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RF Power Amplifier

Introduction

With the explosive growth of RF portable


devices and their increasing functional densities
(data, voice, video), efficient power-saving
techniques are intrinsic in prolonging battery
lifetime.

Consequently, energy-efficient RF power


amplifiers are key components in mobile batteryoperated systems.

RF Power Amplifier

Introduction

These communications employ digital


modulation such as quadrature phase shift
keying (QPSK).
The modulation format along with the baseband
filtering confines most of the signal energy to the
desired transmit frequency band, thereby
allowing efficient usage of available spectrum.
However, an undesirable consequence of
filtering the pulses to confine spectral energy, is
to impart a time varying amplitude dependence
on the modulated RF signal.
RF Power Amplifier

Introduction

Hence, the RF power amplifier contained in the


transmitter must faithfully reproduce both the
time varying amplitude and phase
characteristics of the signal.

Since these applications utilize battery powered


mobile radios, maximizing power amplifier
efficiency at all critical power levels is crucial to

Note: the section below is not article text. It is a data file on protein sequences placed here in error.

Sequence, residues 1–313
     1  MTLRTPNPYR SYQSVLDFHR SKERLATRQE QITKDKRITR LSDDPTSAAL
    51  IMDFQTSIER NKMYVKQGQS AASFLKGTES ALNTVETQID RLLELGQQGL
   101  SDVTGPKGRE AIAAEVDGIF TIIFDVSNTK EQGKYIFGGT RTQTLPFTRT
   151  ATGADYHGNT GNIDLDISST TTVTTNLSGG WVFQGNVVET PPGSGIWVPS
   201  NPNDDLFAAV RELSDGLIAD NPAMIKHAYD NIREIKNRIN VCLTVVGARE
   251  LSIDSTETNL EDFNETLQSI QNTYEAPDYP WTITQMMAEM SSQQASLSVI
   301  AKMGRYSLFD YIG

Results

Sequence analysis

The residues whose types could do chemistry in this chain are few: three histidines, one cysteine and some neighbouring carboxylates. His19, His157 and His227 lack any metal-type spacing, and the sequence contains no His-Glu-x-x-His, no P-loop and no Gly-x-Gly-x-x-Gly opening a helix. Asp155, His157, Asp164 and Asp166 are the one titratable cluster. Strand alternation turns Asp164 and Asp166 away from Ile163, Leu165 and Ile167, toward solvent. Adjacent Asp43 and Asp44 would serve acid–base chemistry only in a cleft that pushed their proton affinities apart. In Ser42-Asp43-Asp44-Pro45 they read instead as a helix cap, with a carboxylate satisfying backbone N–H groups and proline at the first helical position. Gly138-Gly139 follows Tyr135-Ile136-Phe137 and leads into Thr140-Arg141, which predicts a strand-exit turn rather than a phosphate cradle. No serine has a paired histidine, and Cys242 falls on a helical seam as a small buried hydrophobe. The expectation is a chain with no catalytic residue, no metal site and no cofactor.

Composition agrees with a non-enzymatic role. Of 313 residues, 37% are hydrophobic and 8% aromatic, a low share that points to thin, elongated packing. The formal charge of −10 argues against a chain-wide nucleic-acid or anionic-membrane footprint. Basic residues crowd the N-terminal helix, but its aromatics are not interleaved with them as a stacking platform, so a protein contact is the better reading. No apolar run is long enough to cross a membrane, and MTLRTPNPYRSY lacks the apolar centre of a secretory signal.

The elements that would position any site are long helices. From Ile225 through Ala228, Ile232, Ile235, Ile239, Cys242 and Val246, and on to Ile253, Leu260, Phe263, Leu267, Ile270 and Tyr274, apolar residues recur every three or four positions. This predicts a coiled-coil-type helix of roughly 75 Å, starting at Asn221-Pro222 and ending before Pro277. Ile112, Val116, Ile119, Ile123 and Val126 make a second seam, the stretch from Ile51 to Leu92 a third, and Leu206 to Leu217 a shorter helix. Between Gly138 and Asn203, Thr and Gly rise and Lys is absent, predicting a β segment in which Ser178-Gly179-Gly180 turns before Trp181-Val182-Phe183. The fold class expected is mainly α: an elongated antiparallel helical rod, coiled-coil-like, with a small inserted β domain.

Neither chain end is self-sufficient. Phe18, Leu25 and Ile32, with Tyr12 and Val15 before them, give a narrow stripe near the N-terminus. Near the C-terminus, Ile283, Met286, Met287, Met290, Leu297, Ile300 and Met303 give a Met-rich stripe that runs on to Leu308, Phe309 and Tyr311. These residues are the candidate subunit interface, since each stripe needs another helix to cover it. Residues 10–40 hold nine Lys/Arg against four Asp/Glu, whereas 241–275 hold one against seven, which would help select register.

achieving extended battery operation.

RF Power Amplifier

Introduction

General power amplifiers efficiency improves by


operating the amplifier near gain compression.

Doing so causes the envelope of the signal to be


distorted (compressed in amplitude) which
results in spectral regrowth.

There is an inherent trade-off between amplifier


efficiency and spectral linearity in designing
linear power amplifiers.
RF Power Amplifier

Introduction

As the power amplifier is operated in back-off


away from gain compression, the efficiency
drops rapidly.

There is a need for a linear power amplifier


which efficiently amplifies time varying amplitude
modulated signals over wide dynamic ranges.

One promising method is the envelope


following technique.
RF Power Amplifier

Envelope Following Technique

The envelope following technique combines a high


efficiency envelope amplifier with a highly efficient,
but non-linear RF amplifier, to form a highly
efficient linear RF amplifier.

Operationally, we deploy a drain-bias voltage


(Vdd) to the the RF amplifier, so it is in or near
gain compression.
which results in high efficiency operation.
The overall amplifier is efficient if both the
envelope and RF amplifiers are efficient.

RF Power Amplifier

.Envelope Following Technique

Ein(t) describes envelope properties of the modulation


in(t) describes phase characteristics of the signal
RF Power Amplifier

Envelope Following Technique

The class-S modulator is similar in form to a


buck dc-dc converter.
where output pulses are produced where the
width or duty cycle of the pulse is proportional to
the input voltage.

The low pass filter functions to produce an


average value of the pulse signal.
Since the detected envelope signal is time
varying, the drain supply bias is also time
varying.
RF Power Amplifier

Envelope Following Technique

The DC power (into RF PA) is the product of the average